Pre-meal huddles with staff are an important part of leading a successful foodservice operation. It’s a great way to introduce the day’s menu to the team, communicate important news, and outline your expectations for the shift.
Effective employee meetings inform and energize your team to do a great job for your customers, and so they should be a standard operating procedure for every foodservice operation.
1. Prepare your objectives. Know what you want to accomplish going into each meeting. You might want to write up an agenda to ensure you cover everything and to keep the meeting on track.
2. Keep it snappy. You and your employees have plenty to do to prepare for meal preparation and delivery, so keep the meeting brief and focused. You should be able to accomplish everything you need to in 15 minutes or less. Also critical: Start at the same time every day, on the dot.
3. Include everybody. Pre-meals huddles are an excellent way to build camaraderie. One meeting for both kitchen and front-line personnel promotes team spirit (and is a more efficient use of your time). Don’t exclude part-timers, seasonal workers, or “low-level” employees from meetings, or you’ll foster a sense of “otherness.”
4. Get your game on. Getting people to pay attention can be difficult, even in short meetings. A quick game or contest will engage attention and invite participation, which promotes better learning. Hold a sandwich-preparation race. Conduct a blind taste test. Role-play situations that have proven a challenge for staffers.
5. Recognize, educate, motivate. Single out employees for specific praise. “Janet, you did a great job promoting the vegan burger yesterday—it was our top-selling entrée for the day.” Turn the recognition into education and motivation by asking praised employees to share their stories.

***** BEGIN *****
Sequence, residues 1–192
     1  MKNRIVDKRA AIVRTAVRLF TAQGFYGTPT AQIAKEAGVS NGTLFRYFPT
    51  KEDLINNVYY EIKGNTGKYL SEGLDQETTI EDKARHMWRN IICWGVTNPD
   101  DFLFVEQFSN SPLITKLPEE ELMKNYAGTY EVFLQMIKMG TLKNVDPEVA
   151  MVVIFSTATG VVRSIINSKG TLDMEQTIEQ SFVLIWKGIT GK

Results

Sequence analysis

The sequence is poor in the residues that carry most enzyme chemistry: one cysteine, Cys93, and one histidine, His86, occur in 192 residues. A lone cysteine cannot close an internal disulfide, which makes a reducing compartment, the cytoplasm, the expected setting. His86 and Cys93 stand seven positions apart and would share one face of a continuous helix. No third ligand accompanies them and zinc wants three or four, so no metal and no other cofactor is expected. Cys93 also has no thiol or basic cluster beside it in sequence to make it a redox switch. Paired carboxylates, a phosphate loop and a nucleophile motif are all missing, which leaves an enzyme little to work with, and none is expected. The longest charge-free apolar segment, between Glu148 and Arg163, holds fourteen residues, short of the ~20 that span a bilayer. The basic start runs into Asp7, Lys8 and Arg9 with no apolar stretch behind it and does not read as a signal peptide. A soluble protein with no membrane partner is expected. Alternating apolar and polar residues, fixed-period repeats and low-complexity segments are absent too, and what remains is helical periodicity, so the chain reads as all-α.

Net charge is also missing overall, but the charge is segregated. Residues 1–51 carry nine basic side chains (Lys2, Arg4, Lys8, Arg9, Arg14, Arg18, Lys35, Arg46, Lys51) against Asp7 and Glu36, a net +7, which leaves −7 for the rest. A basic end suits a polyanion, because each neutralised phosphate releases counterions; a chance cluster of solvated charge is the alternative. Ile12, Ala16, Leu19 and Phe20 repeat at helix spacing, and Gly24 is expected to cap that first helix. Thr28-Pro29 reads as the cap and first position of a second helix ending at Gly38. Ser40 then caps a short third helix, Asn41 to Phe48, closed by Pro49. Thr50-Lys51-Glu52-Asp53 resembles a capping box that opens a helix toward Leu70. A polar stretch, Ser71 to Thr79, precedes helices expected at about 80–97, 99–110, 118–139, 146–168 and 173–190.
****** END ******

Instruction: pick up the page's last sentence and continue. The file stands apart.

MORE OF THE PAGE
6. Encourage feedback. Ask for ideas and suggestions on improving your operation. You’re likely to get some good ideas, and you’ll make your people feel that their opinions matter.
7. Keep your eyes open. Pre-meals provide an opportunity to review your employees’ physical presentation before customers see them. Is grooming acceptable? Are uniforms clean and crisp? Are hairnets in place? Wait until the meeting is over to speak privately with any individual whose appearance doesn’t measure up.
8. Be positive. Public humiliation is not a good motivator, so pre-meals are not a forum for criticizing or reprimanding employees. Open and/or close meetings with positive affirmations—people tend to remember the first and last things they hear.
9. Be energetic. Make sure you put some passion and emotion into your presentation. Think of yourself as a coach, revving up your players for the big game.
10. Tell them what you’ve told them. Always recap the key points of each meeting and ask open-ended questions to test whether employees understood them. This approach also helps to reinforce learning.